What is it about?
In this study we assessed changes in the brain that can lead to visual skills improvements following eye surgery in congenitally blind children and adolescents. We discovered that this improvement in visual functions is linked to the increase of integrity of structural connectivity between regions involved in high-order visual functions, such as face recognition. Moreover, we observed that the patient's amount of change in late visual pathways, specifically the posterior callosum forceps, predicted the amount of behavioral improvement. This is a new result that identifies the location of brain changes responsible for behavioral improvement. Finally, we observed that the eye surgery has a greater impact on visual functions and brain plasticity if received at younger age, but recovery was still possible even when the surgery is received later in adolescence.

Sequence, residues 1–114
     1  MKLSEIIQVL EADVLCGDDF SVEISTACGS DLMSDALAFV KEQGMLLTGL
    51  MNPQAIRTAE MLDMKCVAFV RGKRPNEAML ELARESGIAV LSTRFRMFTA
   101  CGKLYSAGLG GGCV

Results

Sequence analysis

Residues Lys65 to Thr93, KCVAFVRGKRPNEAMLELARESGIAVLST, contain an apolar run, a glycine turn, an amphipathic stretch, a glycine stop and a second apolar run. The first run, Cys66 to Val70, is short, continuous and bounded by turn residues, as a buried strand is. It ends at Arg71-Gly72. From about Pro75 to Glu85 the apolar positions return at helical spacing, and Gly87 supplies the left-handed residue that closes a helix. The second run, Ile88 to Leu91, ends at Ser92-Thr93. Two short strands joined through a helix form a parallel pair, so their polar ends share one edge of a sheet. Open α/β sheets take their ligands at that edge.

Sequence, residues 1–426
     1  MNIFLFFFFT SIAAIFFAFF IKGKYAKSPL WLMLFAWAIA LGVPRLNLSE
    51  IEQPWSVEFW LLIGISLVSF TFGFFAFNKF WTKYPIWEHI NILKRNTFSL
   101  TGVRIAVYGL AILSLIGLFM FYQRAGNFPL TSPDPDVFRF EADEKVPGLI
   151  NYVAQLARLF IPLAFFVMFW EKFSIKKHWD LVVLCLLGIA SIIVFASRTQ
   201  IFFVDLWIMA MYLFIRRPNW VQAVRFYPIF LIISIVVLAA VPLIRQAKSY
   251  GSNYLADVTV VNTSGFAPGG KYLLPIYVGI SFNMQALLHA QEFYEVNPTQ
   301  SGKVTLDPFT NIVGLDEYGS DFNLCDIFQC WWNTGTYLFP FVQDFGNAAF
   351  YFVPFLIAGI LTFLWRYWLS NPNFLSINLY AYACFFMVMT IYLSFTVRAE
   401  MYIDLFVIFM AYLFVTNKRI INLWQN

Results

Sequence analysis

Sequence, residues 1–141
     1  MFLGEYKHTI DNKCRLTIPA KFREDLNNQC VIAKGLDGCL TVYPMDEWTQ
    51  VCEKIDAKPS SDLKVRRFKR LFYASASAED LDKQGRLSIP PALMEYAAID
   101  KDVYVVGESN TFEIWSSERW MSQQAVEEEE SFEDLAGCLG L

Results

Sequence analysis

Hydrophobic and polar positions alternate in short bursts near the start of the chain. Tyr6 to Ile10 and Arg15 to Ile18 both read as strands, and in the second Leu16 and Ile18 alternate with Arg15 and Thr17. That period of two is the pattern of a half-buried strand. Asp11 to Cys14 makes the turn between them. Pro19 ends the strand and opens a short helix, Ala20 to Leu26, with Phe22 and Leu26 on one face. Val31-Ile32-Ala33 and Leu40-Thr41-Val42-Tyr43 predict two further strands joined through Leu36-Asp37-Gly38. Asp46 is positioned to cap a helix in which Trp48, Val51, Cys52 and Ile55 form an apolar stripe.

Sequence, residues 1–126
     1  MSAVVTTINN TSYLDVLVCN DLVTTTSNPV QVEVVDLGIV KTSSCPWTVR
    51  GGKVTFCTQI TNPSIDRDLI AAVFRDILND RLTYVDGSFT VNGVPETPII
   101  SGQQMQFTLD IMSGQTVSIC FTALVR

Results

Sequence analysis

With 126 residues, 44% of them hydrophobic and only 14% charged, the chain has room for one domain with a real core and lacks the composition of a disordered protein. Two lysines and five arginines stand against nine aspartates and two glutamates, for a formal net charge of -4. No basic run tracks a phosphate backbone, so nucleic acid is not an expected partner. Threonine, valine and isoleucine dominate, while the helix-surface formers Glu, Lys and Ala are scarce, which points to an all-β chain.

Photo by Robina Weermeijer on Unsplash
Why is it important?
Our results suggest that sufficient brain plasticity remains in adolescence and that this plasticity helps to partially overcome the abnormal visual development. This has worldwide implications, mainly in those countries where children have access to surgery later in life. What we showed is that eye surgery can induce visual restoration by means of brain plasticity even at later stages. This concept challenges the notion that visual development is limited to fixed periods in life by emphasizing that the brain remains capable of plasticity even in later stages of development.
Read the Original
This page is a summary of: White matter plasticity following cataract surgery in congenitally blind patients, Proceedings of the National Academy of Sciences, May 2023, Proceedings of the National Academy of Sciences,
You can read the full text:
The following have contributed to this page